And it gets worse: understanding how to make sense of all this information, moving towards a more intelligent information management approach and being smart about content and content management isn’t even enough anymore. Data is a core business asset and a cornerstone of any digital transformation strategy and innovation in our digital age.
DX (Digital Transformation) Leaders Must Treat Data as an Asset (IDC)
Competitors right now are eating away revenues or preparing to disrupt our businesses/industries because they are better at understanding and using information at the service of innovation and digitalization.
Because they understand that digital transformation is about 1) information, 2) people, 3) experiences, 4) speed/timing, 5) convenience, 6) processes/automation and 7) interconnectedness/collaboration.
Seeing the big picture of information and information management
We don’t just need to master information management, we also have to achieve information management excellence and ‘activate’ our information, put it at work, unlock the value in it.
Fortunately we don’t have to understand nor master everything at once. It starts with knowing what you NEED to know, what your customers, workers, partners and managers want you to know and looking at information management from a holistic perspective and some distance helps you solve many of the other challenges you have as an executive.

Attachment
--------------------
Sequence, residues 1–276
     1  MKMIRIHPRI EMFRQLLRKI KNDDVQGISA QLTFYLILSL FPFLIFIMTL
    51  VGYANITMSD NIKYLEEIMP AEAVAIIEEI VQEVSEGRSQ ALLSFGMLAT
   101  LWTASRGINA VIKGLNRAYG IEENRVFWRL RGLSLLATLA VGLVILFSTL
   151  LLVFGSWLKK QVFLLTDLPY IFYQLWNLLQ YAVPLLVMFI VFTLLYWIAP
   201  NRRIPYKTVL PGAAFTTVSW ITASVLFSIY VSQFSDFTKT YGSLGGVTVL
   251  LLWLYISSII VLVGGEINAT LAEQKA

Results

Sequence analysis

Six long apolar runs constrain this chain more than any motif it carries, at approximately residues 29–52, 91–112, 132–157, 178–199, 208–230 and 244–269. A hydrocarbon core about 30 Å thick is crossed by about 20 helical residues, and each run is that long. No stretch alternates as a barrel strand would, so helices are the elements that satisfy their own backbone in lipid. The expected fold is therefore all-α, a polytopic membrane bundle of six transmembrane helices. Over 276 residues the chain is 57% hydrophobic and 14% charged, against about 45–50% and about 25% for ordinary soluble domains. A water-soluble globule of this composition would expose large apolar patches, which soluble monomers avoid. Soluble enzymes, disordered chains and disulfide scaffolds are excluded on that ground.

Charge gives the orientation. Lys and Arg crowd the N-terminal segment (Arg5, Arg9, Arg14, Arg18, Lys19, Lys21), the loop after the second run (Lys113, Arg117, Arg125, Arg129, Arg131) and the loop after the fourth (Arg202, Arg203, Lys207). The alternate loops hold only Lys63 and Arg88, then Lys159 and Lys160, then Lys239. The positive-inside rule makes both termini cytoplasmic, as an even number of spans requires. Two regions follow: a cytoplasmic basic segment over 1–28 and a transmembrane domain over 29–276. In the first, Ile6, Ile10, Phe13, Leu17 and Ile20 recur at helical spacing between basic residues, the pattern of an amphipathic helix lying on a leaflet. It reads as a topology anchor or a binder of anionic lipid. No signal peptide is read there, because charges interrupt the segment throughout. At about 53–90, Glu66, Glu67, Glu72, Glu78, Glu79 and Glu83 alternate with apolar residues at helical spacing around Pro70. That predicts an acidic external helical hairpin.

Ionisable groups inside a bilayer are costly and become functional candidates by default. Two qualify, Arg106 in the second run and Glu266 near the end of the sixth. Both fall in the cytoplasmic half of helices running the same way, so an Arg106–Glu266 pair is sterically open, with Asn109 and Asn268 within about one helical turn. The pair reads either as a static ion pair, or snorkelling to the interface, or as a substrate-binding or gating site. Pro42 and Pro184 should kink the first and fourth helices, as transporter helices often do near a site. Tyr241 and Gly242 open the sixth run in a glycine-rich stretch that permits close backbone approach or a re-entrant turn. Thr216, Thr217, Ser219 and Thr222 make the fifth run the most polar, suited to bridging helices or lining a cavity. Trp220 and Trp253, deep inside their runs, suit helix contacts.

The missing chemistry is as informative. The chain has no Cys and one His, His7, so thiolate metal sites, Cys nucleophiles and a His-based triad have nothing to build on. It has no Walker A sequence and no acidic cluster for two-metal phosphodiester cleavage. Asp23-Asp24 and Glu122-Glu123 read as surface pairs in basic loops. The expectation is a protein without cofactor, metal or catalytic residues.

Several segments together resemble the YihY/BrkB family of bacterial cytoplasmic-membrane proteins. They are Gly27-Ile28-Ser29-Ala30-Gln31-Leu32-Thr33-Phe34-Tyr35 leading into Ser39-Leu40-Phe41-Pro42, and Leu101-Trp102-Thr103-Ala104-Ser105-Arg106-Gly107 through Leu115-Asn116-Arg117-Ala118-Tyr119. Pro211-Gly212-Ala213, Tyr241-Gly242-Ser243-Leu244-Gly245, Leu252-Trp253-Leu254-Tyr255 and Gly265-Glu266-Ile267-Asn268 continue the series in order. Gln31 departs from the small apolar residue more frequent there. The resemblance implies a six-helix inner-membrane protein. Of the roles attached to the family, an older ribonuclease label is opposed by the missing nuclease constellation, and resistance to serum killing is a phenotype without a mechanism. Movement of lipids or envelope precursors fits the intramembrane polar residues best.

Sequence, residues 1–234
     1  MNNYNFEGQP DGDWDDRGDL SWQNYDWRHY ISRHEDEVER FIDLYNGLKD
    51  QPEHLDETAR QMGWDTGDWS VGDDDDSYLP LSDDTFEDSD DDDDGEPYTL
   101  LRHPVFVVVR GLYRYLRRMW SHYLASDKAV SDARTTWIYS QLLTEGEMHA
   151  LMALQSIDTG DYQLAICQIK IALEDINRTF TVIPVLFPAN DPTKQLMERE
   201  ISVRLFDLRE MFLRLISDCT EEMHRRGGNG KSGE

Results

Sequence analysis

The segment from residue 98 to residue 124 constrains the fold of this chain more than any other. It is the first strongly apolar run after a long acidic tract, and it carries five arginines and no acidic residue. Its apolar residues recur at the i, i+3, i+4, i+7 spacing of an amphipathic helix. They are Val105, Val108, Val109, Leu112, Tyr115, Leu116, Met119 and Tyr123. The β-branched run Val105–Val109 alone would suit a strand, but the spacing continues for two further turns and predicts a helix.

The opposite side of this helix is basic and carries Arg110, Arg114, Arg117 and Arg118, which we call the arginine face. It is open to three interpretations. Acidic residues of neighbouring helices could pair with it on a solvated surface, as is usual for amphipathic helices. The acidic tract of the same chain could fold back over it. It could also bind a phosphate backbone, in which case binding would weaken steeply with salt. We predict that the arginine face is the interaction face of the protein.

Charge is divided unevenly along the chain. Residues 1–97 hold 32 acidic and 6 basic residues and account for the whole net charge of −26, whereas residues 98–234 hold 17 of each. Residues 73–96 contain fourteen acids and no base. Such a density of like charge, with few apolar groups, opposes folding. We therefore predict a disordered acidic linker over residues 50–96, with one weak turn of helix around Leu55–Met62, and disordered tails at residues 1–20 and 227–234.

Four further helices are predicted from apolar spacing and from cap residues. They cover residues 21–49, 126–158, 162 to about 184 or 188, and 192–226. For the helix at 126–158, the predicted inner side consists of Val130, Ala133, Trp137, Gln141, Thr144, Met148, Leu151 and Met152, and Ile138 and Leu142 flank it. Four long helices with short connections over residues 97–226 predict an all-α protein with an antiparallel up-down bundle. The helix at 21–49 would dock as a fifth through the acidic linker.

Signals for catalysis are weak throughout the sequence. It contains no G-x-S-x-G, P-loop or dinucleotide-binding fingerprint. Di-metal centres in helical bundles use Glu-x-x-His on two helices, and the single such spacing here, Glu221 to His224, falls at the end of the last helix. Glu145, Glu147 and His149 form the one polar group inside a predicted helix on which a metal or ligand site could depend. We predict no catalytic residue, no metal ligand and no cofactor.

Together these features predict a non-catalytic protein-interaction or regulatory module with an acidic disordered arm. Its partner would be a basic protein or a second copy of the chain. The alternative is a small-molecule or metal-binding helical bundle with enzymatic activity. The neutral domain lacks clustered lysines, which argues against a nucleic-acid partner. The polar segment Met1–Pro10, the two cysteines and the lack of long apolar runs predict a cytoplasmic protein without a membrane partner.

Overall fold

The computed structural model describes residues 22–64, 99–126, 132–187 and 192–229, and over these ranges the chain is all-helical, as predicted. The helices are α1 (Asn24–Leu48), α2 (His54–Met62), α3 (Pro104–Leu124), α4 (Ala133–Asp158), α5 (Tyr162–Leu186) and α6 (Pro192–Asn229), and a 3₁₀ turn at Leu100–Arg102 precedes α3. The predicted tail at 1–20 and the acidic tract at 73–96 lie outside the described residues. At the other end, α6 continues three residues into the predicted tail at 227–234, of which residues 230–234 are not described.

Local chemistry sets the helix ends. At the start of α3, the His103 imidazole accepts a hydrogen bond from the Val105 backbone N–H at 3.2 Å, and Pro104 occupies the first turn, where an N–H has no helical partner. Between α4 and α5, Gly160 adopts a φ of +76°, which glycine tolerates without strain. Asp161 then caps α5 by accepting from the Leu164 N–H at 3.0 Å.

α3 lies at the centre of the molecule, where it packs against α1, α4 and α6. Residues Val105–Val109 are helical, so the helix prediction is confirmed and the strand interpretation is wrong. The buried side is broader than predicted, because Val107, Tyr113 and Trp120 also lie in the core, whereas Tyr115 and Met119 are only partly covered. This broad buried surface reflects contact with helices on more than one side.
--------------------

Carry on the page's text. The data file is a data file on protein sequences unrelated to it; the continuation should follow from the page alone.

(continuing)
And to do so it’s important to focus, ask the right questions and revert the views, while being smarter and at the same time more ‘simple’ about the challenges, priorities and ways to achieve them. You don’t need to know how a document scanner operates. You don’t need to understand Hadoop. Forget about the standards and technologies behind the Internet of Things. In fact, you don’t need to understand any technology at all. You just need to understand the essential questions, answers and evolutions across the various aspects of information management and regarding the role information plays and will play in your business.
Information management concerns the identification, optimization, custodianship and connection of information and information-intensive processes to innovate, achieve competitive advantages, generate business and customer value, and thrive in an era where information is a core business asset and an economic good
You need to see the big picture and have the right people and partners to help you see it and most of all deliver upon the actions you commit to. Remember the good old saying that it’s not the technology that matters (nor the information management details) but what you can do with it. And most of all: what your customers, workers, partners and other stakeholders want to do with it.
People, processes, technologies: information management with purpose